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TSE  June 2007

TSE June 2007

Subject:

Re: New England Ladies

From:

Nancy Gish <[log in to unmask]>

Reply-To:

T. S. Eliot Discussion forum.

Date:

Fri, 15 Jun 2007 19:19:08 -0400

Content-Type:

text/plain

Parts/Attachments:

Parts/Attachments

text/plain (159 lines)

No.  That is not the point--or a point.  I suggest you reread the
ending, where he suffers terrible guilt for what he did to her.  She is
young and too committed to sensibility to see what a cad he is, and she
needs to learn more concern for what her self-absorbed distress does to
others.  But what he does is never treated as anything  but extremely
rotten behavior that contributes to her illness.  His guilt is presented
as well deserved; he ends up married to a terrible woman; and Marianne
does recover.  She is never just a "silly goose," a term Austen never
would apply to genuine suffering--only to self-importance and absurdity.
N. 

>>> Kate Troy <[log in to unmask]> 06/15/07 6:31 PM >>>
 
How about Jane Austen?  Wasn't one of the points of Sense and 
Sensibility 
was that Marianne was a silly goose for continuing to believe in the 
man (I 
forget his name at the moment) when he declared his love for her but yet
 didn't 
follow it up with any concrete commitment and he then ditched her and 
married 
elsewhere.
 
In a message dated 6/15/2007 6:06:56 P.M. Eastern Daylight Time,  
[log in to unmask] writes:

As I  said, this is ignoring history, let along psychology.  Or, for 
that
matter, much of any literature of the period or earlier, when he  might
have faced enraged fathers and brothers.  Try Henry James for  some
insight.
N

>>> Kate Troy <[log in to unmask]>  06/15/07 5:39 PM >>>

Some things never change, such as leading  a woman on for years and 
then

ditching her, such as an otherwise  intelligent woman being a silly
goose
about a 
man.  Poor  Tom.  If he was alive today living in England and  Emily in 

America, he would had to deal with cell phones.  Another thing   that
hasn't changed:  
If after a few months of being in love, if  he doesn't  bring up
marriage
or 
at least shacking up, then she  needs to face up to  facts.

In a message dated 6/15/2007 12:26:31  P.M. Eastern Daylight Time,  
[log in to unmask]  writes:

According to Gordon, "Eliot claimed that before he left for  Europe  in
1914 he told Emily Hale that he was in love with her.   He said that  he
had no reason to believe, from the way in which his  declaration  was
received, that his feelings were returned 'in any  degree whatever'." 
But
they had a relationship:  he sent her roses  via Aiken.  He  kept in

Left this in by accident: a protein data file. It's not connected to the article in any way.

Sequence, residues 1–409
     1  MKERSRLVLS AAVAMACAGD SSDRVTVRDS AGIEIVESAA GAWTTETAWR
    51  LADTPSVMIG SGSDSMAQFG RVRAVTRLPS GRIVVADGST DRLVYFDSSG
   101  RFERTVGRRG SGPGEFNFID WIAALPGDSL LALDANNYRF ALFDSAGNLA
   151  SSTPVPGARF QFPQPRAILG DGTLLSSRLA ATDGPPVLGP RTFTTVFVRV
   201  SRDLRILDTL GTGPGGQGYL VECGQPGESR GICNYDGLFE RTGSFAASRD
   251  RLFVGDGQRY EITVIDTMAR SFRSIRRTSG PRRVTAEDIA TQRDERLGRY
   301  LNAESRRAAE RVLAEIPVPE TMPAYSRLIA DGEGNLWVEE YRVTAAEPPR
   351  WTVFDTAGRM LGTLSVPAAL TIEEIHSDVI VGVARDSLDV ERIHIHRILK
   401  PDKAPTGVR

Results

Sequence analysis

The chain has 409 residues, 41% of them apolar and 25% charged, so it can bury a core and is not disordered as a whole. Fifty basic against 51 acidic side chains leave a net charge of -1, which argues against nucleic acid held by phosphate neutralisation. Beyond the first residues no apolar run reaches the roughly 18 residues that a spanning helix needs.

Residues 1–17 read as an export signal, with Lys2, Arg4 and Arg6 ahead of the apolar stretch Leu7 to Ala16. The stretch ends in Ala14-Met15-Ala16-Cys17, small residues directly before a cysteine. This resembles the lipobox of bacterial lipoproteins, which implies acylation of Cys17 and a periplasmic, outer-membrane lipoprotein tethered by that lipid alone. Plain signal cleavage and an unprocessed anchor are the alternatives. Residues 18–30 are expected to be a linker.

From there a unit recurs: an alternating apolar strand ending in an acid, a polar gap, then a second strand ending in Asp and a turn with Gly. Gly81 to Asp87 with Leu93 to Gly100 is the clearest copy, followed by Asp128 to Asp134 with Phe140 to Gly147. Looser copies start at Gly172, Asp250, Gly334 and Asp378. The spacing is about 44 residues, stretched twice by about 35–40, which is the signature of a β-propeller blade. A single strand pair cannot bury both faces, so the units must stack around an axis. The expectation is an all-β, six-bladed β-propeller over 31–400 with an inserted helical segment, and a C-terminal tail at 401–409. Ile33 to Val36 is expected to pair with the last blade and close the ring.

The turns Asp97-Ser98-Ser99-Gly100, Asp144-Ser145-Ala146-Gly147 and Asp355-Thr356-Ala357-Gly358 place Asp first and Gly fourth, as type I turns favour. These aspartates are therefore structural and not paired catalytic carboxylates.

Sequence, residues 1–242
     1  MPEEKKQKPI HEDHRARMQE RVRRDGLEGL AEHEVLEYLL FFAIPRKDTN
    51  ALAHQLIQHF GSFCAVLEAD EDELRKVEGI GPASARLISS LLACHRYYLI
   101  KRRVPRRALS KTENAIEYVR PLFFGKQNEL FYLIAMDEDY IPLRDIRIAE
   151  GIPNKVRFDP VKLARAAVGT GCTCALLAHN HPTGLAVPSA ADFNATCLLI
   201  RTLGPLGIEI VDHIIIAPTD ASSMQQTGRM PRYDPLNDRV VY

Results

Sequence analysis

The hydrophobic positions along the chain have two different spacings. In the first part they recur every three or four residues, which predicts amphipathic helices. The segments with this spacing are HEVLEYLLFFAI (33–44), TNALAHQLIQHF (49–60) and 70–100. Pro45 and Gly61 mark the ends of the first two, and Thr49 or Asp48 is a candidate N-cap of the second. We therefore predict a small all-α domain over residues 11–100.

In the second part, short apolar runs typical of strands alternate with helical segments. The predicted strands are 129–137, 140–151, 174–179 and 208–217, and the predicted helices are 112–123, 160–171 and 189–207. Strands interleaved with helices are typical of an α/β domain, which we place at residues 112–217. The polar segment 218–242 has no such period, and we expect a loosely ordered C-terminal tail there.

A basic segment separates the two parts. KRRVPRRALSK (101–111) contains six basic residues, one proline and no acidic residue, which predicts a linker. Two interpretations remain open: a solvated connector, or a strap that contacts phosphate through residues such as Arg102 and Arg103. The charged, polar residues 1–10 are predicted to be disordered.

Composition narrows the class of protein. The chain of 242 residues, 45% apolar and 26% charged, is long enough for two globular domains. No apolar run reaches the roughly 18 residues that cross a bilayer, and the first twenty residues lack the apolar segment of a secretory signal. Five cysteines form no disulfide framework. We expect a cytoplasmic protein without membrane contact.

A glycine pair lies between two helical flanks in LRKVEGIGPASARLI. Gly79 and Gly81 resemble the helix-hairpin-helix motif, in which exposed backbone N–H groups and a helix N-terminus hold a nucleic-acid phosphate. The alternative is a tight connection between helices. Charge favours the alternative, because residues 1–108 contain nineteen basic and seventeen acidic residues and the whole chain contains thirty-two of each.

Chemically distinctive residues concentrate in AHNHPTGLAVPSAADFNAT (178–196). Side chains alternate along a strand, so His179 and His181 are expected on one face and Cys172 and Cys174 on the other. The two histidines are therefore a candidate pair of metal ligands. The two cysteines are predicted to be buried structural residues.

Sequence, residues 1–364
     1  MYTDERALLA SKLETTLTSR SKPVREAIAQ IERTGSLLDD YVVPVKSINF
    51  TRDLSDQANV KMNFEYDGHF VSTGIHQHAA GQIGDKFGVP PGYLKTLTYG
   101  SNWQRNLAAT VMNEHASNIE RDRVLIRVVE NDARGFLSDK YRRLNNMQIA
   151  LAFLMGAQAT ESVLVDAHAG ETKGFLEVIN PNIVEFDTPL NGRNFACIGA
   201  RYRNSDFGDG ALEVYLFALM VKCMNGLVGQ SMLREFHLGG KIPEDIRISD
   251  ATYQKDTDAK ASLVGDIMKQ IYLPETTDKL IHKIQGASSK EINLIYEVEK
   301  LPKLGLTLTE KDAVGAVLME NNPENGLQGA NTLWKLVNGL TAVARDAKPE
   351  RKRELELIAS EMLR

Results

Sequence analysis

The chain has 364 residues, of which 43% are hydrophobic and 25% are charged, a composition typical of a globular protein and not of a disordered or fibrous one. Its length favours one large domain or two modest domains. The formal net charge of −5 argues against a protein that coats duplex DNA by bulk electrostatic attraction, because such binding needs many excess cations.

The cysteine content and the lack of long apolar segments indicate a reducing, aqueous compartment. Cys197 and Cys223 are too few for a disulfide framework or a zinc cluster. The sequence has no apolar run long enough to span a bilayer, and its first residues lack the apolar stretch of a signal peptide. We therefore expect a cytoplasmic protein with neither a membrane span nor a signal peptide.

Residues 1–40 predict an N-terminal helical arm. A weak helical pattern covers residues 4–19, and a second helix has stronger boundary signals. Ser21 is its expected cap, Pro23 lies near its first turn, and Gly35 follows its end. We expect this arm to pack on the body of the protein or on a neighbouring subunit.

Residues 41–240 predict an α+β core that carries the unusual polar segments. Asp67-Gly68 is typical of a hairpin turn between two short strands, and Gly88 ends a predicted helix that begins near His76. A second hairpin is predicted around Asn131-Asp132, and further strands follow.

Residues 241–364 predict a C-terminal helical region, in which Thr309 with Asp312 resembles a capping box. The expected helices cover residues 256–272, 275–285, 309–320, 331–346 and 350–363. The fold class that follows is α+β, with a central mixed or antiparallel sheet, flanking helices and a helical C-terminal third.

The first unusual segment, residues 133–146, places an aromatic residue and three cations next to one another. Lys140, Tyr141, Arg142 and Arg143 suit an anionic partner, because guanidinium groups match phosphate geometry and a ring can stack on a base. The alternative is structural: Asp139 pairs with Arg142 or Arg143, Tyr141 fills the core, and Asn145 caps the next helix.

touch
with her when he was in Oxford,  just before he married  Vivien.  And
then
he renewed it with  visits, letters, autographed  copies of his work, a
shared visit to  Burnt Norton that he wrote of as a  moment of
illumination.  And  in 1914 a young lady was expected to be  modest  and
non-expressive.  Not knowing what 1911 has to do with it is   not
knowing
history.  That she sustained the correspondence and   visited him was
more
than an acceptance later.  At any rate, he  made  the avowal of love;
she
had every reason to expect it to mean  what it  said.

Nancy




Yes, saying he was in love  was in effect  a proposal of marriage. Emily
and Tom were both members  of upper-class  Boston families whose
relatives
no doubt knew each  other socially and  perhaps in business as well. The
families would  have been aware of the  situation and so Tom's defection
would have  involved their censure. Emily  had the social code of her
class as  reinforcement for her trust in Eliot.  Diana

Nancy wrote: "As I  said, there is no analogy.  In 1911, if a  man said
he
was in  love,
it was to be trusted.  That was the point  of those  words.  And it is
frankly disgraceful to say that when a man   betrays trust the woman is
just silly.  It is   outrageous.
Nancy"

>>> Kate Troy  <[log in to unmask]>  06/14/07 8:06 PM >>>

By the  way, Nancy, Annette was also a New  England lady.

As I remember,  Annette had a good job and received  promotions, etc.
She

owned a  nice home. Emily waited all of those  years, instead of 
pursuing
her
happiness with a man who wanted to be  with her.   I imagine that Emily
used  to cry
at Christmas and   Thanksgiving and on her birthday, etc., just as
Annette used
to   do.

In a message dated 6/14/2007 7:40:01 P.M. Eastern Daylight   Time,
[log in to unmask] writes:

Emily  Hale was a very   accomplished, intelligent woman who was also a
New
England  lady  in  1911 when she and TSE met--well before the  married
Viv.

When they   started writing and seeing each  other, Viv had been put  in
an
institution.  Hale did not just  meet a married man and  "see"  him.
There
is no analogy at  all.  She was not remotely  silly or    naive.

Nancy





**************************************   See what's free   at
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------------------------------------------------------------------------------
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Hotmail   to go? Get your Hotmail, news, sports and much more!  

>>>  Diana Manister <[log in to unmask]>  06/15/07 10:13 AM   >>>







**************************************  See what's free at
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************************************** See what's free at
http://www.aol.com.

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